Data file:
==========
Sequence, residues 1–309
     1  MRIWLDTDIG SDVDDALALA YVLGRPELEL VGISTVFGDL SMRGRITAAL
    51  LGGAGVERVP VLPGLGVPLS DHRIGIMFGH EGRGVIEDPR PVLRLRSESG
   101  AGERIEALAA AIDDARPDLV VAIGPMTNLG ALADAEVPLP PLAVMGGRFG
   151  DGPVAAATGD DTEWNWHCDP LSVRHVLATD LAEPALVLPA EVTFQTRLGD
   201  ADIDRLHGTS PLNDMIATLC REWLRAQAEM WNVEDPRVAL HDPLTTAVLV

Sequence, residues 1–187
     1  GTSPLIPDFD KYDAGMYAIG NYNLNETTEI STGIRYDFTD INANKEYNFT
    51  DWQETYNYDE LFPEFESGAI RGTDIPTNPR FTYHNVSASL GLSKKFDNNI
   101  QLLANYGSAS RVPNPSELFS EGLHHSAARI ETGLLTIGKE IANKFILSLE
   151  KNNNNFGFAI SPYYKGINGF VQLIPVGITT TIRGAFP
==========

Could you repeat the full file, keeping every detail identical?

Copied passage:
Sequence, residues 1–309
     1  MRIWLDTDIG SDVDDALALA YVLGRPELEL VGISTVFGDL SMRGRITAAL
    51  LGGAGVERVP VLPGLGVPLS DHRIGIMFGH EGRGVIEDPR PVLRLRSESG
   101  AGERIEALAA AIDDARPDLV VAIGPMTNLG ALADAEVPLP PLAVMGGRFG
   151  DGPVAAATGD DTEWNWHCDP LSVRHVLATD LAEPALVLPA EVTFQTRLGD
   201  ADIDRLHGTS PLNDMIATLC REWLRAQAEM WNVEDPRVAL HDPLTTAVLV

Sequence, residues 1–187
     1  GTSPLIPDFD KYDAGMYAIG NYNLNETTEI STGIRYDFTD INANKEYNFT
    51  DWQETYNYDE LFPEFESGAI RGTDIPTNPR FTYHNVSASL GLSKKFDNNI
   101  QLLANYGSAS RVPNPSELFS EGLHHSAARI ETGLLTIGKE IANKFILSLE
   151  KNNNNFGFAI SPYYKGINGF VQLIPVGITT TIRGAFP